November 10, 2013
OHSU Vollum Institute research gives new insight into how antidepressants work in the brain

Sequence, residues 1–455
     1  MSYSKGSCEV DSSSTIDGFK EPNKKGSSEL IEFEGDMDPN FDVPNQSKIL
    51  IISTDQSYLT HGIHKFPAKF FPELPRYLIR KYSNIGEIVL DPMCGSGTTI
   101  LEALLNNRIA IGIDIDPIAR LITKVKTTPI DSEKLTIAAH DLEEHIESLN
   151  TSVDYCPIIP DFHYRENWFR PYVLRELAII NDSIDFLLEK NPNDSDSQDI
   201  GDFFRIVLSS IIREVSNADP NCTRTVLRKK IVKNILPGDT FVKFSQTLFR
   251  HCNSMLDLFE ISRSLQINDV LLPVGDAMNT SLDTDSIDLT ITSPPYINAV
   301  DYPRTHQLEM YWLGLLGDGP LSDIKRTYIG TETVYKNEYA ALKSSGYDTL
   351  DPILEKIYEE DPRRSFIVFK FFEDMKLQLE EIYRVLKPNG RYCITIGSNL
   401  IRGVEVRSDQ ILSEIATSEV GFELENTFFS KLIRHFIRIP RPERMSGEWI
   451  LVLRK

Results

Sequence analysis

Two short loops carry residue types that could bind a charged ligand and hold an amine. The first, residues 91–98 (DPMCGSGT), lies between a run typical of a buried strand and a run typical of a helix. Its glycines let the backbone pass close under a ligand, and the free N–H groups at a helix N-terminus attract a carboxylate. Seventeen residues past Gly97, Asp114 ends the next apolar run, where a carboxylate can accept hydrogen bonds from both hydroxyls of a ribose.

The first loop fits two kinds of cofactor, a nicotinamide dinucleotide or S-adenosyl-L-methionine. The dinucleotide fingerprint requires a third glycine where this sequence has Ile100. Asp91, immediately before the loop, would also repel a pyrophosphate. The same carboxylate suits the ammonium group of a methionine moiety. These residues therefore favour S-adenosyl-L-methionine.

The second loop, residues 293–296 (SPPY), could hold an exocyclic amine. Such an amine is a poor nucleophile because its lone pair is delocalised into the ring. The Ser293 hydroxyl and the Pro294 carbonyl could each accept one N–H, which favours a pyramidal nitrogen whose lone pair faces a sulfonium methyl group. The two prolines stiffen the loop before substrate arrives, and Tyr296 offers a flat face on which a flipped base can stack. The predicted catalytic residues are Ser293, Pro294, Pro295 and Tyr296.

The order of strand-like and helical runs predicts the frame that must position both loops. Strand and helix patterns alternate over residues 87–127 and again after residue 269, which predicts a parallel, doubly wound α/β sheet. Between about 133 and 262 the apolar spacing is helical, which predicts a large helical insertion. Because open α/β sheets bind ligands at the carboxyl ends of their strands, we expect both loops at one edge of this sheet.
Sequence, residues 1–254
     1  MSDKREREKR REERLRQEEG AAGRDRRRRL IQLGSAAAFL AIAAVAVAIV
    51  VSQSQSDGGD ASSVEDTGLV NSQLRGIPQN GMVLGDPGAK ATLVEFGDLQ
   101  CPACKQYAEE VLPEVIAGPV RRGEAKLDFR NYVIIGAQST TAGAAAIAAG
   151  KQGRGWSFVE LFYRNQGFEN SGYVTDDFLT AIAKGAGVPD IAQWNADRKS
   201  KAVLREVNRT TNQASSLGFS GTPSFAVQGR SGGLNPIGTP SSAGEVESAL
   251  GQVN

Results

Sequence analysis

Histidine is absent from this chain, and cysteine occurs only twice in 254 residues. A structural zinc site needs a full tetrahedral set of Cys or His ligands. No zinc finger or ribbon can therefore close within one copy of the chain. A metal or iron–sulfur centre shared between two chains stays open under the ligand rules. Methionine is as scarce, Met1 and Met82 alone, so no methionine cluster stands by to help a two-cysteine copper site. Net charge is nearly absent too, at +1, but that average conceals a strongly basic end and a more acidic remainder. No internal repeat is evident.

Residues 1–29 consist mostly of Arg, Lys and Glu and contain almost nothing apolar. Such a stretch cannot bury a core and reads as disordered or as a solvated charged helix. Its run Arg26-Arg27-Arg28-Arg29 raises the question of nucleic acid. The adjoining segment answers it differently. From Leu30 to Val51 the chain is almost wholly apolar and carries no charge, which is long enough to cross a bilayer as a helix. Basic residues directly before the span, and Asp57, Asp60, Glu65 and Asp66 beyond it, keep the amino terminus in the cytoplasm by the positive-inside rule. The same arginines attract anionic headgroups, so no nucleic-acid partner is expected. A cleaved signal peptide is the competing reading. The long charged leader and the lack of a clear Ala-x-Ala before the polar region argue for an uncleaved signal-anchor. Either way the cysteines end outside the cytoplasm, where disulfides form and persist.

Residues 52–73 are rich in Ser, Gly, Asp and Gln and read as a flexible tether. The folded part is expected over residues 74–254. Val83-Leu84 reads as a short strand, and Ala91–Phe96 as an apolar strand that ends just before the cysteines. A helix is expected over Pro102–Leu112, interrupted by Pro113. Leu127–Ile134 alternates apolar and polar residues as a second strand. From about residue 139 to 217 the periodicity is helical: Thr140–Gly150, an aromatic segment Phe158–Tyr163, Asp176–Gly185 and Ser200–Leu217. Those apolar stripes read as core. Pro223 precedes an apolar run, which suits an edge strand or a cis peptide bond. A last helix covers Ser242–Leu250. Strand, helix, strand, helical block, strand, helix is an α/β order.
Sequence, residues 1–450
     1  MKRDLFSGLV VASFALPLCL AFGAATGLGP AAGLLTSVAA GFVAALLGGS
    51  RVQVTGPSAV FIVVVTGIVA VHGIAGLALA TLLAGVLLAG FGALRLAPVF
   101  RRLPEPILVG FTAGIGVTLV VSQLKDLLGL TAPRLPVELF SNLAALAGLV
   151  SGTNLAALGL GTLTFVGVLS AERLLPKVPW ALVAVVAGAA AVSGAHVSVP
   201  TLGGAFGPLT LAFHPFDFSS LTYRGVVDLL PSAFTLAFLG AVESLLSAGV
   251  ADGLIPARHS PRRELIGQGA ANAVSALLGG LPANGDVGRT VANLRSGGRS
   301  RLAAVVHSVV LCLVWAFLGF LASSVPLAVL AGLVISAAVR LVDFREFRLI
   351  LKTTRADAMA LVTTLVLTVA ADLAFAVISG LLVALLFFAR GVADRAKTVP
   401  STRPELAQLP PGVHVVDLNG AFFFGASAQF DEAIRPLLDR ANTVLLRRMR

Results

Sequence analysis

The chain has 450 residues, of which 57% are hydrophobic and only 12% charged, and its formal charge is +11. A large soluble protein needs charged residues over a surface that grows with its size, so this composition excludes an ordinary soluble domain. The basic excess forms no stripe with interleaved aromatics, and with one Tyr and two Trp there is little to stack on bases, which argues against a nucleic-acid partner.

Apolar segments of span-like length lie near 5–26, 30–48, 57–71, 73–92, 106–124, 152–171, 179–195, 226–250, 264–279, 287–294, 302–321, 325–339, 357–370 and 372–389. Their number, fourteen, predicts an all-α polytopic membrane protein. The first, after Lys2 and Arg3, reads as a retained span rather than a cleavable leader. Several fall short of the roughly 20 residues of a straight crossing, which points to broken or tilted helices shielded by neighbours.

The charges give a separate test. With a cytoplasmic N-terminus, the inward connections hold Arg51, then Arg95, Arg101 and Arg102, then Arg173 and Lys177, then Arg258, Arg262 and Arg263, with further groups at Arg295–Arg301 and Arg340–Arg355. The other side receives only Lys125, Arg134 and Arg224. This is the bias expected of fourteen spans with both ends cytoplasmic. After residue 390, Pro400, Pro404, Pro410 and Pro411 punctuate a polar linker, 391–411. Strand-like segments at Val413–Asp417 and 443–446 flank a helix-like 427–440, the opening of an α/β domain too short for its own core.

Alcoholism and Drug Abuse Counselors Continuing Education The more detailed view could help scientists and pharmaceutical companies develop drugs that do a much better job of targeting what they're trying to target — and not create side effects caused by a broader blast at the brain proteins. "By learning as much as possible about the structure of the transporter and its complexes with antidepressants, we have laid the foundation for the design of new molecules with better therapeutic profiles and, hopefully, with fewer deleterious side effects," said Gouaux. Gouaux's latest dopamine transporter research is also important because it was done using the molecule from fruit flies, a dopamine transporter that is much more similar to those in humans than the bacteria models that previous studies had used. The dopamine transporter article was one of two articles Gouaux had published in today’s edition of Nature. The other article also dealt with a modified amino acid transporter that mimics the mammalian neurotransmitter transporter proteins targeted by antidepressants. It gives new insights into the pharmacology of four different classes of widely used antidepressants that act on certain transporter proteins, including transporters for dopamine, serotonin and noradrenaline. The second paper in part was validated by findings of the first paper — in how an antidepressant bound itself to a specific transporter. "What we ended up finding with this research was complementary and mutually reinforcing with the other work — so that was really important," Gouaux said. "And it told us a great deal about how these transporters work and how they interact with the antidepressant molecules." Gouaux's discoveries over the years in neurotransmission have established him as one of the top investigators in his field. His research has important implications for understanding the mechanisms of not just antidepressants, but also drugs used for the treatment of a wide range of psychiatric and neurological diseases. Gouaux's co-authors on the dopamine transporter paper were both members of his lab; Aravind Penmatsa, Ph.D., and Kevin Wang, Ph.D. Gouaux's co-authors on the second Nature paper were also members or former members of his lab: Hui Wang, Ph.D.; April Goehring, Ph.D.; Kevin Wang, Aravind Penmatsa and Ryan Ressler, Ph.D. Both papers were funded by the American Heart Association, the National Institute of Mental Health, (1F32MH093120 and 5R37MH070039) and the Howard Hughes Medical Institute. About the OHSU Vollum Institute The Vollum Institute is a privately endowed research institute at OHSU and is dedicated to basic research that will lead to new treatments for neurological and psychiatric diseases. Vollum scientists have transformed the field of neuroscience and, in particular, have been pioneers in the study of cellular signaling, neuronal development, gene regulation and the neurobiology of disease. About OHSU Oregon Health & Science University is a nationally prominent research university and Oregon’s only public academic health center. It serves patients throughout the region with a Level 1 trauma center and nationally recognized Doernbecher Children’s Hospital. OHSU operates dental, medical, nursing and pharmacy schools that rank high both in research funding and in meeting the university’s social mission. OHSU’s Knight Cancer Institute helped pioneer personalized medicine through a discovery that identified how to shut down cells that enable cancer to grow without harming healthy ones. OHSU Brain Institute scientists are nationally recognized for discoveries that have led to a better understanding of Alzheimer’s disease and new treatments for Parkinson’s disease, multiple sclerosis and stroke. OHSU’s Casey Eye Institute is a global leader in ophthalmic imaging, and in clinical trials related to eye disease.